There’s a lot of talk that happens in an English class. From whole-class to small group discussions, from think-pair-share to writer’s workshop, from literature circles to Socratic seminars. I want my students to have rich classroom conversation, I want them to own them, and I want them to develop conversation skills.
Academic conversation is a hot topic right now.
Zwiers and Crawford, authors of Academic Conversations: Classroom Talk that Fosters Critical Thinking and Content Understandings, define quality conversation as transactional, collaborative, and growing. In other words, academic conversation is all about idea-exchanges between people who are working to co-create new knowledge and meaning. This book is a must-read for teachers who are looking to dig deeper into this important topic. I highly recommend it!
As English teachers, we regularly provide opportunities for students to engage in classroom conversation about a specific topic, to share insight with each other, to answer a question, to debrief or brainstorm, etc.
As new teachers, we’re told that students should “think-pair-share” and that literature circles are a great way to give students choice. We arm ourselves with Padlets, Graffiti Walls and Gallery Walks, Fishbowl conversations with backchannel chats…
The truth, though, is that not all classroom conversation is created equal.
The truth is that talk does not always = learning.
Six Signs of a Surface-Level Classroom Conversation
It may appear that students are engaging in discussion, but what are the signs of quality classroom conversation vs. surface level talk.
- The first sign of surface-level conversation is that it is quick and doesn’t sustain itself.
- The second sign is that students are putting on a show for the teacher. I know you’ve been there…students looking at you as they talk for approval…students who talk when under your watchful eye but then resume talking about Fortnite when you move on to the next table group…
- The third sign is that students are selfish talkers, more concerned about their individual contributions to discussion than with really listening…this leads to competitive conversation and jumpy conversation with isolated ideas that don’t build upon each other.
- The fourth sign is that conversation is not text-based.
- The fifth sign is that conversation stays at a surface level (simple recall, summary, paraphrase) vs. a deeper and more analytical level (attention to details in the text, inferential thinking, synthesis).
- The sixth sign is that conversation doesn’t build, make connections, lead students to “big picture” insights.
Essential Classroom Conversation Skills
Zwiers and Crawford go on to suggest five core skills (or conversation moves) that students should use in order to increase the quality of classroom discussions.
Each of these moves is not just about the speaker, but also about the listener.
The listener must work hard to understand what is being said, and also how his or her own comments fit within the larger conversation. In addition, the listener must be able to prompt further discussion when the speaker does not say enough.
I feel like listening is a ghost skill, one that teachers may ignore because it is hard to assess. And I’ve most commonly seen teachers try to assess student listening through worksheets or an end-of-discussion reflection. Although this might be a good listening exercise for audience members or a good reflection activity, it implies that listening is separate from the skill of discussing, and that’s simply not the case.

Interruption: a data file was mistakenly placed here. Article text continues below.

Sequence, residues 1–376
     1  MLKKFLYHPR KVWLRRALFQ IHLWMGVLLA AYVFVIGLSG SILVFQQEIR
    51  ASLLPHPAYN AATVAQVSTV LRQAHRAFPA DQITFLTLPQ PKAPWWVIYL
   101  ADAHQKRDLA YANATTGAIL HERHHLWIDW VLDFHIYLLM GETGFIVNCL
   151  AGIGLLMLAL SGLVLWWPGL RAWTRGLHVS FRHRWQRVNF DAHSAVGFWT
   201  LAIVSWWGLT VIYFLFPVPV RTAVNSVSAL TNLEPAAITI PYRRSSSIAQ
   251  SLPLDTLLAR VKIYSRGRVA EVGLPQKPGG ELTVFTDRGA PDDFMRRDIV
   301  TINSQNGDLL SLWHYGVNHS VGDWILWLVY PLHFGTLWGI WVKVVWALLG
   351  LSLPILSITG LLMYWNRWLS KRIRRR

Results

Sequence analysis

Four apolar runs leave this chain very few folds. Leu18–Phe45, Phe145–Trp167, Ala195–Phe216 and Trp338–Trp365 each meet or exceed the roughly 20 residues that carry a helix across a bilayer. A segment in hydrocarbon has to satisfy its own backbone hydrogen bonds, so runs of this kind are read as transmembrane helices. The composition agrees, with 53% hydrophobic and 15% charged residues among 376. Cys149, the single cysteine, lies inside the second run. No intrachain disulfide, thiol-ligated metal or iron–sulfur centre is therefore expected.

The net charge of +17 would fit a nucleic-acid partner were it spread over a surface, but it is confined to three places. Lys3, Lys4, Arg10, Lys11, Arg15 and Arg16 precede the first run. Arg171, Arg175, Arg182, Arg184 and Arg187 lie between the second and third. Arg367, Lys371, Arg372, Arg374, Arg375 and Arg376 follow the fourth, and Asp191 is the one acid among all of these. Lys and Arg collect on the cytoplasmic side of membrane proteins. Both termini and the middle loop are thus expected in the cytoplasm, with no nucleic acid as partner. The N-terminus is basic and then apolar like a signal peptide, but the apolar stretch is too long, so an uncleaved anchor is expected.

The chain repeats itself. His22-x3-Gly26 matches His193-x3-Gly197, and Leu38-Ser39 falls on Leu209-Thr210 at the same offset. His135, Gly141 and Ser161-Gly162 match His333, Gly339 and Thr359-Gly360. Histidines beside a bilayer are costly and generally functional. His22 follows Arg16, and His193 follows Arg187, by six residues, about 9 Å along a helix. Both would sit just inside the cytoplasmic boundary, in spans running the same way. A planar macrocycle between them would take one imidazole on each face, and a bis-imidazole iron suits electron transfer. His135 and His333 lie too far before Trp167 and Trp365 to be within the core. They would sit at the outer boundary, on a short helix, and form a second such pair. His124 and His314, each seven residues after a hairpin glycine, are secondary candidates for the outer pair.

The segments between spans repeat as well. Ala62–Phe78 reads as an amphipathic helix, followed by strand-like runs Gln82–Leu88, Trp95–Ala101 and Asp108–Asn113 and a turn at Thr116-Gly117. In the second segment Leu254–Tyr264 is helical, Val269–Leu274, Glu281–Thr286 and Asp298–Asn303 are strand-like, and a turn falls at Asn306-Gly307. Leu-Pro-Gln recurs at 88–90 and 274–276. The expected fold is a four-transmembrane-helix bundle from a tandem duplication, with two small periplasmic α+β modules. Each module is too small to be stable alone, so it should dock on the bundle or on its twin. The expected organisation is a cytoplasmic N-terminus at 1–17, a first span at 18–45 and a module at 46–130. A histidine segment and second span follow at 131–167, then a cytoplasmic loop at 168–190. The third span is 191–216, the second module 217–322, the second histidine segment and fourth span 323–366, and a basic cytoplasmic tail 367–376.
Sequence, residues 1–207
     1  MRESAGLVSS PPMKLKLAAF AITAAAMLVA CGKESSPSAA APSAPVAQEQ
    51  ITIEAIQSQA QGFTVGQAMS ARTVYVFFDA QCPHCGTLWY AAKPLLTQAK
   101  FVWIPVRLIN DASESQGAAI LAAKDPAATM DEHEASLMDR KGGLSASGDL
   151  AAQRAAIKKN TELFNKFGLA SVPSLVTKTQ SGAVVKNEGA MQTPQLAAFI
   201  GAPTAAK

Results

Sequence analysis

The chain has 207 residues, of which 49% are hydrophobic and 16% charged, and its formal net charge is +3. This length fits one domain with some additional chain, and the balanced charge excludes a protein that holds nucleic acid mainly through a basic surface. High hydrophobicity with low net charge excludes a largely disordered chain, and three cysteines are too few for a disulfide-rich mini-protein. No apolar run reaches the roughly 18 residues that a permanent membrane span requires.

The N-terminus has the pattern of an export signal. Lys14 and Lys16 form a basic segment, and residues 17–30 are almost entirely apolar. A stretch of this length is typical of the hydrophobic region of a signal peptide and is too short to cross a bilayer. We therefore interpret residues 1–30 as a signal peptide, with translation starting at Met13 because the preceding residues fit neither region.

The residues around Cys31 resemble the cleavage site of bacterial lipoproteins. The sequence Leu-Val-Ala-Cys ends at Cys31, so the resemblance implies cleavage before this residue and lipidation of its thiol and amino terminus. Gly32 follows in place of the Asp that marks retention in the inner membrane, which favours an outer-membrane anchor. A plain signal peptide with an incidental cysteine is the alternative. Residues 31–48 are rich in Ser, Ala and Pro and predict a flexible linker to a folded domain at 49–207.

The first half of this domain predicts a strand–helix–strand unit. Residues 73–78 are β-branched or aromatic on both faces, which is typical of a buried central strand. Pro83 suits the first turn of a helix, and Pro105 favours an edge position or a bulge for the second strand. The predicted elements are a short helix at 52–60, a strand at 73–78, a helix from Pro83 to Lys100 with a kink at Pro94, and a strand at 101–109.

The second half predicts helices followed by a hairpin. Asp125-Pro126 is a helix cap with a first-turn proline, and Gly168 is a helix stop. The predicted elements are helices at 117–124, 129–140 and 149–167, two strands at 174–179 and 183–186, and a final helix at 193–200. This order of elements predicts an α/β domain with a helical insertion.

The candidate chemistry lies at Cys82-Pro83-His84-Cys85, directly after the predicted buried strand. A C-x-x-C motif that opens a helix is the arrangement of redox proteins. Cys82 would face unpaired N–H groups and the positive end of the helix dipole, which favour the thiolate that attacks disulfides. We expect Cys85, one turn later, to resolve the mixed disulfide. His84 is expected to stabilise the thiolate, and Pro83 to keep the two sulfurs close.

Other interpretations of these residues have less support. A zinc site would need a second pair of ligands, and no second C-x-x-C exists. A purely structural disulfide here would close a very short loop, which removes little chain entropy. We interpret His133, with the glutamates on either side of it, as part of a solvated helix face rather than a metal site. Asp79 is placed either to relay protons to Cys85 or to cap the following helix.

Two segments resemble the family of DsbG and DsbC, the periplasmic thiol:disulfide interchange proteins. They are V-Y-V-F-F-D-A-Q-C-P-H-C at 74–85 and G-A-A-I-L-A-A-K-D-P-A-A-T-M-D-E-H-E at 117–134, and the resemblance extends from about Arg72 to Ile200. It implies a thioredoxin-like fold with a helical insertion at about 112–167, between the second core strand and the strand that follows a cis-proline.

I teach my students that they’re listening to not only understand, but also to add to the conversation.
Listening isn’t a one-way-street, it’s a multi-lane highway. To really drive a quality classroom conversation, listening and talking must merge together, make lane-changes, and think about the final destination so as not to become lost.
My Classroom Discussion Rubric
These five core skills are the backbone of what we teach students to know and do in English language arts discussions.
Take a look at this year-long discussion rubric that I use in my English 10 class, for example:
Notice the progression from “developing” to “exemplary.”
There is a difference between simply making one’s voice heard in discussion and seeing each comment as a part of a larger conversation. Showing connections between comments, showing understanding of others’ ideas, using specific evidence from the text to inspire conversation…these are the marks of academic conversation.
At an exemplary level, I’m always looking for unique insights (I call it adding value), students who use their own voice to create opportunities for further conversation (i.e. asking questions, challenging an idea), and students who make connections not only between ideas, but between texts.
Let’s quickly take a look at some of these basic classroom conversation skills.
Classroom Conversation Skill #1: Support…Support…Support
Specific evidence is the backbone of an academic conversation. Students must be taught to support their ideas with examples…specific examples rather than general statements.
It is important to teach students to start with text-based examples and broaden the conversation to other texts, the world, and eventually to their own lives. Students tend to start broad with personal connections, but have trouble going back to the text to find examples. I always tell my students, “Show me what you know…with evidence.”
Classroom Discussion Skill #2: Can you Elaborate, Please?